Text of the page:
The central piece of Princeton Symphony’s concerts this past weekend was the second piano Concerto of late 19th-century Russian composer Rachmaninoff, bracketed by a spirited opera overture by Glinka and a monumental symphony of Tchaikovsky. Composed between the fall of 1900 and spring of 1901, Rachmaninoff’s Piano Concerto No. 2 in C Minor, Op. 18 was premiered in its entirety in November 1901, and coincidentally earned the composer the prestigious 500-ruble Glinka Award, named for the composer whose Overture to Ruslan and Lyudmila opened the Princeton Symphony program. In this work, Rachmaninoff followed the classical concerto form, but augmented it with sumptuous orchestration and a full exploitation of the piano’s Romantic capabilities. Featured as piano soloist in these performances was Moscow native Natasha Paremski, who has been playing professionally since the age of 9. After earning a degree at New York’s Mannes College of Music, Paremski embarked on an international career which has brought her musical passion and technical virtuosity to all corners of the world. more

WITHERSPOON WELCOMES GITTENS: The historic Witherspoon Street Presbyterian Church has announced the appointment of Michael Raymond Gittens as its new music director.

Witherspoon Street Presbyterian Church (WSPC), 124 Witherspoon Street, has named Michael Raymond Gittens as the new music director for the historic church, which is one of the oldest African American Presbyterian congregations in New Jersey.

A native of Brooklyn, New York, Gittens has over 30 years experience performing in churches, recitals, and concert halls. He studied music at the Juilliard School of Music and at the Oberlin Conservatory of Music at Oberlin College. He has performed organ recitals throughout New York City, including St. Patrick’s Cathedral, the Cathedral of St. John the Divine, and at St. George’s Episcopal Church. Gittens has also appeared in solo performances at Carnegie Hall, Alice Tully Hall, and Avery Fisher Hall at Lincoln Center. more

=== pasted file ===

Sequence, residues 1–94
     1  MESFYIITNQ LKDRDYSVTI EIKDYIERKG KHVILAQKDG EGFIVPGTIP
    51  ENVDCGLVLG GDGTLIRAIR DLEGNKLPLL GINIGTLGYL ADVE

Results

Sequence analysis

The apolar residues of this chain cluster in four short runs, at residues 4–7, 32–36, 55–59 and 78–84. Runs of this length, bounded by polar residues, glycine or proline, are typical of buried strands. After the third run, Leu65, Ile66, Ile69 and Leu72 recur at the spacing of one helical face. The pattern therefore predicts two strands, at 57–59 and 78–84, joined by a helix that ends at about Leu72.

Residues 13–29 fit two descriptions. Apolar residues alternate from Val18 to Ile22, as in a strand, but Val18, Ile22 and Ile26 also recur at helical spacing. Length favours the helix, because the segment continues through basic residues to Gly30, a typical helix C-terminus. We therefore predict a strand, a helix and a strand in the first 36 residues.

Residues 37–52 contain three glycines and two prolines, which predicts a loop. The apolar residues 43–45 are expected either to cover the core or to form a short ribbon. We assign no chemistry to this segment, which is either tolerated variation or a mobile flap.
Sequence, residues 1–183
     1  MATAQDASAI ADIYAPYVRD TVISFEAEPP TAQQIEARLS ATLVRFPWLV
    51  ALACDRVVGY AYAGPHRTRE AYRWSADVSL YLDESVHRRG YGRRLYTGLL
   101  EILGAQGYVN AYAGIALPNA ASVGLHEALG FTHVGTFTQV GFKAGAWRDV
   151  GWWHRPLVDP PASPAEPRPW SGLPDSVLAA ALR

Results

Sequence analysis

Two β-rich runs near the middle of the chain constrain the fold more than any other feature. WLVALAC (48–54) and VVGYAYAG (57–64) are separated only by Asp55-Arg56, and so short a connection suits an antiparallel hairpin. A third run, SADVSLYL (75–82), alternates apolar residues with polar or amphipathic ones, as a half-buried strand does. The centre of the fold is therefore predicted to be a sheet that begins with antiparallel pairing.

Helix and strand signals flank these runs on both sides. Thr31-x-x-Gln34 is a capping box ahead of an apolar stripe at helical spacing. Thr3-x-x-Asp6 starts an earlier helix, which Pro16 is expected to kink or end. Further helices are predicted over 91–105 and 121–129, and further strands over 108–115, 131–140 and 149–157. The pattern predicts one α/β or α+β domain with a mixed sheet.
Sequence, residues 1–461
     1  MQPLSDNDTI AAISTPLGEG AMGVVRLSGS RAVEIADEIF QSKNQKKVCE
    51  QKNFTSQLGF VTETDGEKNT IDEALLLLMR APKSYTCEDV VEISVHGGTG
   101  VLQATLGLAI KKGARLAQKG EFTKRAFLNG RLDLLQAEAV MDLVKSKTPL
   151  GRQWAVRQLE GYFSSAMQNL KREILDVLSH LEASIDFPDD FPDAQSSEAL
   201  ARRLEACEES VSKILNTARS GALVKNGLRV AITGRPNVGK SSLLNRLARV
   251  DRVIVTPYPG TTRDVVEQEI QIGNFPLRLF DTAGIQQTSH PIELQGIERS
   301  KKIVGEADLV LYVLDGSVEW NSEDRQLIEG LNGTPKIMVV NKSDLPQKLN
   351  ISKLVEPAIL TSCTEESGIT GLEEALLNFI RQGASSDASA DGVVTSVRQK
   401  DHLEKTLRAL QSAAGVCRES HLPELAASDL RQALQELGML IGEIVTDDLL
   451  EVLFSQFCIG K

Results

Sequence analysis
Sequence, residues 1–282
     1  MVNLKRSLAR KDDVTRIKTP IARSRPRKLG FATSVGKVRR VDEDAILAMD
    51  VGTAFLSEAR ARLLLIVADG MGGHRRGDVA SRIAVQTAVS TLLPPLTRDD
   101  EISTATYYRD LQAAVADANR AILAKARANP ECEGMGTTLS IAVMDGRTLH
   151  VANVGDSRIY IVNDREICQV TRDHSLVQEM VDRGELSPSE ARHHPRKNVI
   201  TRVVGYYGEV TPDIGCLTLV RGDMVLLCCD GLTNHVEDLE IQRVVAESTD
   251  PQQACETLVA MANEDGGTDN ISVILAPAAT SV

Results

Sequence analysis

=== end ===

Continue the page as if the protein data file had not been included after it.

“PLATE TO PLATELET X”: The works of painter Mia Brownell, seen here, and photographer Martin Kruck are featured in “Skeptical Realism,” on view at the Hunterdon Art Museum through January 5.

A painter and a photographer who manipulate artistic traditions to explore reality through a skeptical lens are featured in a new exhibition at the Hunterdon Art Museum.

“Skeptical Realism,” running through January 5, spotlights the paintings of Mia Brownell and the photography of Martin Kruck. The show’s title is derived from philosophical texts debating the truth and falsehood of things. The artwork of Brownell and Kruck are both visual meditations on perceptions of the artificial and real. Using still life (Brownell) and landscape (Kruck) these artists are reflecting on the current skepticism that has emerged in our political climate and culture by creating altered and ambiguous spaces. more